Crayford admonishes him for the comment. Franks says ‘He has got his nickname because he is the most unpopular man in his ship. Nobody likes him’. Crayford says he was Wardour’s companion on the Wanderer, and that underneath his outward defects beats a generous heart. Suspend your comments until you know him better.

The Wanderer‘s crew were heard hailing them from outside, they were arriving for the expedition to be selected.


Frank approaches Wardour, heeding Crayford’s comments. and says, ‘We may congratulate each other on the chance of leaving this horrible place’. Wardour retorted ‘You may think it horrible, I like it,’ Frank asks why and Wardour says, ‘Because there are no women here’.

Captain Helding announces, ‘Brother officers and men of the Wanderer and Sea-mew, it is my duty to tell you, very briefly, the reasons which have decided Captain Ebsworth and myself on dispatching an exploring party in search of help’.

‘Without dwelling on all the hardships we have suffered, the loss of the ships, the death of some of our companions, it is my duty to remind you that this, the last place in which we have taken refuge, is far beyond the track of any previous expedition, and that consequently our chance of being discovered by any rescuing parties is a chance of the most uncertain kind. You all agree with me, gentlemen, so far?’

He explains the winter is not far off, game is getting scarcer, and explains that a detachment of the able-bodied officers and men among us should set forth this very day. They will try to reach the nearest inhabited settlements to obtain provisions, They had already agreed the direction to be taken, it was therefore left to select the party.

The Captain explained why volunteering was not an acceptable approach and said it would be done by drawing lots. The Captain was invited to throw first,. It was agreed that under six stayed and over six would go. Captain Helding threw seven, go. Crayford threw three, stay.

Wardour refused to throw, and laid them back in the box. Crayford inspected them and declared six, neither under nor over, and suggested he should throw again. He refuses to get up and asks Frank to throw for him. He throws a five, he stays. Then Frank threw an eight for himself, he goes.

The casting of lots proceeded until all were decided as Stay or Go. The men left the hut, leaving Wardour and Crayford together.

Crayford asks Wardour to explain his indifference. Wardour recounts their first night on the Wanderer, when Crayford had found him on deck crying. He stated that ‘the only hopeless wretchedness in this world is the wretchedness that women cause’.

‘I left England to win a high place in my profession.I staked my life in the fever-swamps of Africa, to gain the promotion that I only desired for her sake, and gained it. I came back to give her all, and to ask nothing in return, but to rest my weary heart in the sunshine of her smile. And her own lips, the lips I had kissed at parting, told me that another man had robbed me of her. I have yet to discover him. The treachery has been kept secret.’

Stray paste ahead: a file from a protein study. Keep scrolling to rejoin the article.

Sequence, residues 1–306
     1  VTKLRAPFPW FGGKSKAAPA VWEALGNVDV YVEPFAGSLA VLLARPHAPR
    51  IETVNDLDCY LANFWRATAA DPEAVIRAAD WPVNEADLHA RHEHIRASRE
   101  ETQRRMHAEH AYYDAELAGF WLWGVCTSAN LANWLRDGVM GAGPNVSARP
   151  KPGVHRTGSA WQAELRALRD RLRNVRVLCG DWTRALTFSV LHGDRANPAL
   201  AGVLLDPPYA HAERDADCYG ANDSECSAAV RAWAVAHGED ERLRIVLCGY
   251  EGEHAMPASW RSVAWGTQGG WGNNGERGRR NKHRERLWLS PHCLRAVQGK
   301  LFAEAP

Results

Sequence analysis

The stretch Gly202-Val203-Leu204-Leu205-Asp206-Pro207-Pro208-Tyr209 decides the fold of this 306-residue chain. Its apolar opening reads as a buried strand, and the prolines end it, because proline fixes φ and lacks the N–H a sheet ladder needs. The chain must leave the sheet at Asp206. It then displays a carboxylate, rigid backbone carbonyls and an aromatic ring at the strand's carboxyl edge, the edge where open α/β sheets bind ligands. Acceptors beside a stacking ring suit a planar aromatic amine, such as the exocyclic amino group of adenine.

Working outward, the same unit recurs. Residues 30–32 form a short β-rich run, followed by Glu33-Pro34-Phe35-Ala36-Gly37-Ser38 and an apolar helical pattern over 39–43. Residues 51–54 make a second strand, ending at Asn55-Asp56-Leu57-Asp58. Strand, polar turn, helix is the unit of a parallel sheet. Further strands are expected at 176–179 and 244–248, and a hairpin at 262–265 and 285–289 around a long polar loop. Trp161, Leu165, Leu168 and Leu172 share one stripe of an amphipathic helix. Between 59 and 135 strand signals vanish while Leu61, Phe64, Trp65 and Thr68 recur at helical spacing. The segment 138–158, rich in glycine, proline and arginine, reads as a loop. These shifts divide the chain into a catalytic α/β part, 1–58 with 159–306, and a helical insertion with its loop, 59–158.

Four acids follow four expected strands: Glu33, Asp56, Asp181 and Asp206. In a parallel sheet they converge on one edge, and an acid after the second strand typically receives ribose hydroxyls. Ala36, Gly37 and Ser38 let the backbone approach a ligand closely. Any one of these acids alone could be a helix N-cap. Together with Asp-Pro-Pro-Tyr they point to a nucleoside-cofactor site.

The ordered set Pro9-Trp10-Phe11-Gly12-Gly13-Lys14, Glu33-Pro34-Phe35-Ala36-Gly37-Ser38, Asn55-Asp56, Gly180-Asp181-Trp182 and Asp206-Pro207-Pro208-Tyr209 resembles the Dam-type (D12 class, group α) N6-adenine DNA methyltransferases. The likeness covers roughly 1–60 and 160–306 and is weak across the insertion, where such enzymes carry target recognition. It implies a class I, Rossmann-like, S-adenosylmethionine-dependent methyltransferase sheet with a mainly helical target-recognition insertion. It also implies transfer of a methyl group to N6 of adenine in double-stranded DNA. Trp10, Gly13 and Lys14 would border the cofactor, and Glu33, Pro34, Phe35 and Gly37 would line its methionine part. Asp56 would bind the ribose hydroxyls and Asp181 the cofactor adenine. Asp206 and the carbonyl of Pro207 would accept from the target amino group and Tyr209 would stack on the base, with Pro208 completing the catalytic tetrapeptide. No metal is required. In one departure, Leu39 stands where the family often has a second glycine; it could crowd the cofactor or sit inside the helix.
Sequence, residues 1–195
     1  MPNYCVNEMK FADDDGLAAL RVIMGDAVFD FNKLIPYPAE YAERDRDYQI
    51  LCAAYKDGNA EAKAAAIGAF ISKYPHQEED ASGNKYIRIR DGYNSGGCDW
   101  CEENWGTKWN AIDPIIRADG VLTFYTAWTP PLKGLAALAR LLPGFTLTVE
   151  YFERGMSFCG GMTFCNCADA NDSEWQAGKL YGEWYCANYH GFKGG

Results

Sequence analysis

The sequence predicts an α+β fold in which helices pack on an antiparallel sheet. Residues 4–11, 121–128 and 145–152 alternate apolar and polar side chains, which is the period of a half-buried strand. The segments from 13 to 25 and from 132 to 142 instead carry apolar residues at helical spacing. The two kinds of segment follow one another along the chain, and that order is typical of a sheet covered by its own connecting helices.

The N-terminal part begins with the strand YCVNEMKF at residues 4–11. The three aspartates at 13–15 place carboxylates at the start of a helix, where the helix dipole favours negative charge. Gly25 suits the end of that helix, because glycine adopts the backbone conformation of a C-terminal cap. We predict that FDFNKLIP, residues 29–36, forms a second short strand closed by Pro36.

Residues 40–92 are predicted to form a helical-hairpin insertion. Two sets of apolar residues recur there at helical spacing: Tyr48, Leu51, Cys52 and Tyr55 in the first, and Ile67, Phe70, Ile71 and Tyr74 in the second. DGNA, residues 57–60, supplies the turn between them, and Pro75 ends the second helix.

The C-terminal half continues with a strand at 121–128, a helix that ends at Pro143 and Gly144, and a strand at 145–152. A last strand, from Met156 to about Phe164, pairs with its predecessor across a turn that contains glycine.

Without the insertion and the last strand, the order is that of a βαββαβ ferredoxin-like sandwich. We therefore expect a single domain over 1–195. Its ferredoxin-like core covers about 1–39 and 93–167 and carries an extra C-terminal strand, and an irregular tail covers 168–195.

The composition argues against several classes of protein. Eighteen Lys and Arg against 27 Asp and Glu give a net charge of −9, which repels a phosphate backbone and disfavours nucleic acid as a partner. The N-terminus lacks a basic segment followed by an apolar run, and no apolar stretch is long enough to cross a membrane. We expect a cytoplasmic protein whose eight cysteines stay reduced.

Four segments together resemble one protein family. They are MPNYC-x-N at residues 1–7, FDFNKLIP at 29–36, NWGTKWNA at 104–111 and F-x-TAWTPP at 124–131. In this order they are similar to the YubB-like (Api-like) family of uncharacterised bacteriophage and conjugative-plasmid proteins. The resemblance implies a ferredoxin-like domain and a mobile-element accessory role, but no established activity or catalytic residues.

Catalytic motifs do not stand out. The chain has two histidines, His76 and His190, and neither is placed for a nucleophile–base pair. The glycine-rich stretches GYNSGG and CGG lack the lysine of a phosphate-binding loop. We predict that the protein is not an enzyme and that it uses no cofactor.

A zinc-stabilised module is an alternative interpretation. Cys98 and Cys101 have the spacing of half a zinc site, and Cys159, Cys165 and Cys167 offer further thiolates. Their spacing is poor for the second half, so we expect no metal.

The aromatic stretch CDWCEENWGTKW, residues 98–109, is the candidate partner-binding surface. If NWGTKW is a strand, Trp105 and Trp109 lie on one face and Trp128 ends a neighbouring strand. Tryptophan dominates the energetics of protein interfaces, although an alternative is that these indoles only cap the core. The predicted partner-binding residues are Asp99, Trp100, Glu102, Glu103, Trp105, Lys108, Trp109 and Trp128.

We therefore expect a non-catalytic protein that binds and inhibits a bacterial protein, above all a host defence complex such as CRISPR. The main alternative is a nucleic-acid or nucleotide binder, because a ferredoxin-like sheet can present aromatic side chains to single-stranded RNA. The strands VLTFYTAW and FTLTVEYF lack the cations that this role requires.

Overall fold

He explained he was biding his time, Crayford asked what time. He said ‘The time when I and that man shall meet face to face’.

Crayford commented, ‘Since we first met, I have believed in your better nature, against all outward appearance. I have believed in you, firmly, truly, as your brother might. You are putting that belief to a hard test. Put away these thoughts from your heart!’

Wardour replied, ‘You are kinder to me than I deserve. We’ll change the subject, and never go back to it again. Let’s do something, work’.

At that moment Bateson arrived with an axe to cut up Frank’s berth. Wardour seized the axe and agreed to do it.


Wardour took to the task with vigour. A large piece of wood needed a second blow, but he paused when he saw the letters C L A. He cut another plank and saw F A, another piece had C B carved into it. He finally realised ‘Clara Burnham’.

He couldn’t continue his task, he put the axe away in a corner, realising he had found the man.

Just then Crayford arrived back in the hut, with Frank Aldersley behind him.

They were both startled by the apparent change in Wardour.

Wardour became overtly friendly to Frank. When they questioned him as to what was wrong he said ‘We men of Kent are made of tough material’.

Wardour quizzed Frank as to what part of Kent he came from, whether he knew the Willerbys of Yew Grange. Frank said no, but he knew friends of theirs the Burnhams.

They are interrupted when a quartermaster arrived looking for Captain Helding. He explained there had been an accident on the ice involving one of the officers. Crayford directed the man to Captain Helding.

Wardour said to Frank, ‘So you knew the Burnhams? What became of Clara when her father died?’

Frank was angered, ‘Clara! What authorizes you to speak of Miss Burnham in that familiar manner?’ Wardour replied, ‘What right have you to ask?’ Despite the agreed secrecy Frank said. ‘The right of being engaged to marry her.’

‘Impossible to dispute such a right as yours, Perhaps you will excuse me when you know that I am one of Miss Burnham’s old friends. My father and her father were neighbours. We have always met like brother and sister…’

Frank stopped him and apologised for his anger. Wardour asked, ‘Is she very fond of you?’, Frank laughed and said, ‘Come to our wedding, and judge for yourself.’

Crayford had watched the interplay and understood what was going on, he thought thank God the dice had separated them.

The Captain enetred and said to Crayford that his second lieutenant had been injured on the ice, he had been selected as part of the party, which was now one short. Wardour volunteered to take his place. When Crayford tried to argue it, Wardour insisted that the vacancy was from Wanderer, and it was only right that it be filled with someone from that ship.